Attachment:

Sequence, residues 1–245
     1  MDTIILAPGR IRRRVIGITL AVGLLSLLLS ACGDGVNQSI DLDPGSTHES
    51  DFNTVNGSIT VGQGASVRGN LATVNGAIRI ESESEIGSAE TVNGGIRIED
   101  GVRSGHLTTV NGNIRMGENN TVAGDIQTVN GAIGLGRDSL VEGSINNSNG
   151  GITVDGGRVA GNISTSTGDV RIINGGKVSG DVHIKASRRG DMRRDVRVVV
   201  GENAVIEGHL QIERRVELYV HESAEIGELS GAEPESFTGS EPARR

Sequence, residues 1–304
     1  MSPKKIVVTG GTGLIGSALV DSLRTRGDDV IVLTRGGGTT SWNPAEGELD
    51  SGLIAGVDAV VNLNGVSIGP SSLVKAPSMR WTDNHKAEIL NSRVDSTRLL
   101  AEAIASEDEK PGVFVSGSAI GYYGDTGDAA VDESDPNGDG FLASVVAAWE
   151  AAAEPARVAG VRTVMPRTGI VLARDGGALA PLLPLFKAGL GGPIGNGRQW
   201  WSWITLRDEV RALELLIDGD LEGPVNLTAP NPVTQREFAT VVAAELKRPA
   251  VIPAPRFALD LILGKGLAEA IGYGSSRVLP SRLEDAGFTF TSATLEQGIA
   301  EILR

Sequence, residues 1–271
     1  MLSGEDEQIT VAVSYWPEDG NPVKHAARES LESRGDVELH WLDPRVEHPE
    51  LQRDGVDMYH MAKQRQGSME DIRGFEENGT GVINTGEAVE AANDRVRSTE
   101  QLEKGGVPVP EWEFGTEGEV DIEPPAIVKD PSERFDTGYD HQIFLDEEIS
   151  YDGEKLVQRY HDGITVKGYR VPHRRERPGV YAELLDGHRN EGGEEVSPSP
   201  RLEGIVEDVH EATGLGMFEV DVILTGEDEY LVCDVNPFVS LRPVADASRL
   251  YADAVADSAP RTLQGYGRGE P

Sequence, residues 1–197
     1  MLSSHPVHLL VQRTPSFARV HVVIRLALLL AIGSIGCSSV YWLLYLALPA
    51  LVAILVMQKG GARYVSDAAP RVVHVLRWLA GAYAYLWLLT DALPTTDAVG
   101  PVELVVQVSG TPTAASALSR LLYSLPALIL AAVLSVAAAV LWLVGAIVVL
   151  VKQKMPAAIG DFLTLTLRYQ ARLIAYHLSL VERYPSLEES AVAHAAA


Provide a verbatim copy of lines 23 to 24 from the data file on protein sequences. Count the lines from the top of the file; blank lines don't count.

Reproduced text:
     1  MLSSHPVHLL VQRTPSFARV HVVIRLALLL AIGSIGCSSV YWLLYLALPA
    51  LVAILVMQKG GARYVSDAAP RVVHVLRWLA GAYAYLWLLT DALPTTDAVG